Language barriers and anger emojis: The biggest issues in the 'Facebook Papers'

Language barriers and anger emojis: The biggest issues in the 'Facebook Papers'
·4 min read

Thousands of internal Facebook documents shared with Congress and the Securities and Exchange Commission in recent weeks reveal an array of problems facing the social media giant as it attempts to rehabilitate its image amid scrutiny from both sides of the aisle.

The documents, known as the "Facebook Papers," paint a picture of a company struggling to manage its enormous global reach and the ethical issues that its scale has created.

Here are some of the revelations from the papers.

Youth retention

Documents suggested Facebook was aware of its struggle with engaging young users, who viewed the social media site as an “outdated platform.”

Young people also described the platform as “boring” and “negative,” and the company’s data showed that younger users have begun to use the platform less than their older counterparts.

Frances Haugen, a former Facebook employee who has testified before Congress as a whistleblower for the company’s policies, accused the platform’s executives of misleading investors and advertisers about the metrics related to young user engagement.

Conservative censorship

Rank-and-file employees regularly sparred with Facebook management over the reach achieved by conservative content creators, according to some of the documents.

Internal chats shared with the Wall Street Journal showed Facebook employees took issue with the site’s decision to allow some right-leaning publications, including Breitbart, to participate in a feature of the website that served articles to readers as news.

The documents also suggest a number of Facebook employees harbored animosity toward conservatives and prominent figures on the Right, including Fox News's Tucker Carlson.

Concerns about censorship have driven much of the Right’s scrutiny of Facebook in recent years, as more major platforms, in particular Twitter, have taken an activist stance when it comes to removing or limiting the speech of conservatives.

Human trafficking

Facebook struggled to crack down on the use of its app for human trafficking in multiple countries, according to some of the documents reviewed by several news outlets.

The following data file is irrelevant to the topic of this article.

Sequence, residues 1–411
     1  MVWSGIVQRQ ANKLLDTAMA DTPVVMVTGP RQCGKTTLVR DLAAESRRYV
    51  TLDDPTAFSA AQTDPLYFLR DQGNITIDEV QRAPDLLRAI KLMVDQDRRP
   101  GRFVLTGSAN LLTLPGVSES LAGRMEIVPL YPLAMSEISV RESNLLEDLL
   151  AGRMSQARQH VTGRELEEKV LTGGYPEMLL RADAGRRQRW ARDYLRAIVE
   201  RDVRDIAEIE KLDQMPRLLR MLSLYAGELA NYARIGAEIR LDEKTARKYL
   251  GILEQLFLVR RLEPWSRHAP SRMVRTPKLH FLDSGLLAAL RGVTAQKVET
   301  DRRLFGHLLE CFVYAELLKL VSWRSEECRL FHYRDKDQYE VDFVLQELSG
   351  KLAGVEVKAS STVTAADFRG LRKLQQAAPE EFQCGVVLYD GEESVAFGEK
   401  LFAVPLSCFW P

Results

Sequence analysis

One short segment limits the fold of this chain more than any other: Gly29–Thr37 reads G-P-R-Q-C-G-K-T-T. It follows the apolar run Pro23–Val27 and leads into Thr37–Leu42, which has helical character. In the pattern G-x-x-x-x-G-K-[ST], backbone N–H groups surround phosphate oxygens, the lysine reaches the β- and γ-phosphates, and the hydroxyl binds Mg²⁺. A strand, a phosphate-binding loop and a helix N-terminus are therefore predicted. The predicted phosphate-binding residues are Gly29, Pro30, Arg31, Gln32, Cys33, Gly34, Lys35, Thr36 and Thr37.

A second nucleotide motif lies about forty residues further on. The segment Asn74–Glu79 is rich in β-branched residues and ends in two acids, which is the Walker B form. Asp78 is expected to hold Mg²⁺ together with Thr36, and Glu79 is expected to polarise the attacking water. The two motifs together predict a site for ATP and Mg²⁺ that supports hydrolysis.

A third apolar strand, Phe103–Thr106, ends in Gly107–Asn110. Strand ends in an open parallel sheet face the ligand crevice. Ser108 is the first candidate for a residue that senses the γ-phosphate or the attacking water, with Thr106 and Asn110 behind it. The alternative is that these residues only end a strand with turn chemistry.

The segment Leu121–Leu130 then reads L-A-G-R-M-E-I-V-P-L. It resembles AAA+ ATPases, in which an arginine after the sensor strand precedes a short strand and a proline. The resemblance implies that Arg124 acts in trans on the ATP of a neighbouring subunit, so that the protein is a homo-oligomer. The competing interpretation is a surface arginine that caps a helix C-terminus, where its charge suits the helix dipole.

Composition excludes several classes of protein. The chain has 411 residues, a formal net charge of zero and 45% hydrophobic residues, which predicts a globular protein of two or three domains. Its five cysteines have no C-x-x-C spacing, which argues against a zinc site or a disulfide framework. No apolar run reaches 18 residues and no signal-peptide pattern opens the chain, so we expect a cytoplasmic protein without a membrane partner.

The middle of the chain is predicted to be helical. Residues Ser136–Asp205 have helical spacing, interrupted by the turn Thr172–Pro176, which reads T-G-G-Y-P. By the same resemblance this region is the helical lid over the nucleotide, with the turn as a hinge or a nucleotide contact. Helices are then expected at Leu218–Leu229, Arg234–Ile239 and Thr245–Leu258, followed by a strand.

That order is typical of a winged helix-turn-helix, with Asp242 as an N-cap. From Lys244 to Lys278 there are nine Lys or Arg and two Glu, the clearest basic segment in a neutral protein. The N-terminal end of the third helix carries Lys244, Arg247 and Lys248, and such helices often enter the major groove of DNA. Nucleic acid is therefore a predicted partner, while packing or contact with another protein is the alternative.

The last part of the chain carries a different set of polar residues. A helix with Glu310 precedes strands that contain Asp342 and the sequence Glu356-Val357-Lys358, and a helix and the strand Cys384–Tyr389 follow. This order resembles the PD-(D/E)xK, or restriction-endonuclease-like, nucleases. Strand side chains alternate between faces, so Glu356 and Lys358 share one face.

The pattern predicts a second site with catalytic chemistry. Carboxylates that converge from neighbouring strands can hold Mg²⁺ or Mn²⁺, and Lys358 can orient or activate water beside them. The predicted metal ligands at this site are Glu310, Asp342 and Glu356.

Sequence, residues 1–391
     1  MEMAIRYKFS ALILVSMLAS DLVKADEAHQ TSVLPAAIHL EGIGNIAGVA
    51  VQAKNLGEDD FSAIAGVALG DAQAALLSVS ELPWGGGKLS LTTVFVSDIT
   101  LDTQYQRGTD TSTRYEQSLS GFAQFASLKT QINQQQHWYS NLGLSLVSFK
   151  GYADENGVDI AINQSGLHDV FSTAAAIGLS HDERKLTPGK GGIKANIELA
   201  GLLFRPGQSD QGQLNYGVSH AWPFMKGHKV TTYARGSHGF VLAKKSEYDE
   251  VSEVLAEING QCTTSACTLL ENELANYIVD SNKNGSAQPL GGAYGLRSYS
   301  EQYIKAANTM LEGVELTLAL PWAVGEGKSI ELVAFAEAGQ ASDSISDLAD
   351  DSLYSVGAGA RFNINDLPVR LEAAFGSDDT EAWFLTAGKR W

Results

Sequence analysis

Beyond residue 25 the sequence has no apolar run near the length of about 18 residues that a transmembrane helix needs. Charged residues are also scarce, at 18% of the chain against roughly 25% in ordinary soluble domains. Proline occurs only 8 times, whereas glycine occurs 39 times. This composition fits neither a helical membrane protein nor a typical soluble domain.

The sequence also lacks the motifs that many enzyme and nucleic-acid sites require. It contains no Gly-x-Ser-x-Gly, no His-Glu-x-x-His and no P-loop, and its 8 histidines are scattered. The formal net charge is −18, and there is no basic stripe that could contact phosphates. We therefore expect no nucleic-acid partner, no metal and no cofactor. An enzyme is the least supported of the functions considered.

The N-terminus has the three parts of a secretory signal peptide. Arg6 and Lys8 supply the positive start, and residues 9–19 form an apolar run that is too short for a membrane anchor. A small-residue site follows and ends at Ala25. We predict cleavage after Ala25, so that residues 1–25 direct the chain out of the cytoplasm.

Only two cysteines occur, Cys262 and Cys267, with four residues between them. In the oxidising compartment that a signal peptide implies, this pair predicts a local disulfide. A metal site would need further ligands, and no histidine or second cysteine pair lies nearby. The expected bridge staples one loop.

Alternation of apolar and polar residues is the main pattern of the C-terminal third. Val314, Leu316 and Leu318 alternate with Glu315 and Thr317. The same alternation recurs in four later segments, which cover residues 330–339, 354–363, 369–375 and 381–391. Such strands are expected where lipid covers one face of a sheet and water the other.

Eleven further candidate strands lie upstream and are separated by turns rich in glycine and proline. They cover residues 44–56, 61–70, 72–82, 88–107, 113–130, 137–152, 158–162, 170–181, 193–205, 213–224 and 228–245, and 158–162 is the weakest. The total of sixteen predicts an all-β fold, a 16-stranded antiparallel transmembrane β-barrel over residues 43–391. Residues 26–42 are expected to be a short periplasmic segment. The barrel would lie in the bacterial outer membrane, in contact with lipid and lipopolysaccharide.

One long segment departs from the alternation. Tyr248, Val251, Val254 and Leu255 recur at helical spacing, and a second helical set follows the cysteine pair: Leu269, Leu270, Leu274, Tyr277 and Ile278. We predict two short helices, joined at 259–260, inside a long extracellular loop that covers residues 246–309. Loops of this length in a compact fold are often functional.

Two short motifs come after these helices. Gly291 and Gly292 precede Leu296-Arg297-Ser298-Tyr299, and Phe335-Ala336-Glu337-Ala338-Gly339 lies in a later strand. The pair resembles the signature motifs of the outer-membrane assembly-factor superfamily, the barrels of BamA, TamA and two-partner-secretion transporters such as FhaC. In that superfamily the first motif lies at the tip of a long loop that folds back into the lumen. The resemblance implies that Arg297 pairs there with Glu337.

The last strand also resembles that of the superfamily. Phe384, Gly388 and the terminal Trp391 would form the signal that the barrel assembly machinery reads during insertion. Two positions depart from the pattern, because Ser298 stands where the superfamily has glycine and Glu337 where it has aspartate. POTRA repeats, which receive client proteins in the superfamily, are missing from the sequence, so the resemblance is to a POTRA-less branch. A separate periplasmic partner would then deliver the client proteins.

The problem was so bad that Apple threatened to pull the Facebook and Instagram apps from its app store in 2019 if the company didn’t start more aggressively policing abuses on its platform.

Reporting on some of the documents suggests women who were trafficked using Facebook faced physical and sexual abuse and that the company was aware of its shortcomings in catching and stopping the activity.

Emoji elevation

Facebook’s algorithm has been blamed for promoting sensational content that has contributed to polarization, especially during the 2016 election, when Democrats blamed the platform for allowing posts sponsored by Russia to proliferate in ways they claimed tilted the election.

The trove of documents suggests Facebook altered its algorithm in 2017 to elevate polarizing content even further.

The company reportedly weighted user reactions to posts more heavily if a user responded with an anger emoji rather than a like, according to the documents, which some employees worried internally could promote more outrageous content at the expense of straight news or agreeable content.

Facebook downgraded the weight of anger emojis in 2018.

Language barriers

Language barriers prevented Facebook from policing hate speech in some countries, where the company did not have staff in place to review content for harmful posts in every language widely used.

That was the case in India, where the platform didn’t have the ability to monitor for hate speech in two of the most widely spoken languages in a country that represents its largest user base.

Arabic has also posed an issue for Facebook content moderators, who have struggled to apply policies in the language, according to the Associated Press's review of some documents.

Negative impact on youth

One of the early revelations to emerge from the papers was the company’s knowledge that Instagram, which it owns, negatively affected the mental health of teenagers and young people.

Even so, Facebook has in public downplayed any harmful impacts that its products may have on young people.

The papers reviewed by the Wall Street Journal suggested Facebook continued to develop products targeting a demographic it knew could suffer from using its platforms.

Since Haugen’s testimony, Facebook has continued to argue the leaked research on young users has been misrepresented and that it does not knowingly harm young people.

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Tags: News, Facebook, Big Tech, Censorship, Instagram, Social Media

Original Author: Sarah Westwood

Original Location: Language barriers and anger emojis: The biggest issues in the 'Facebook Papers'

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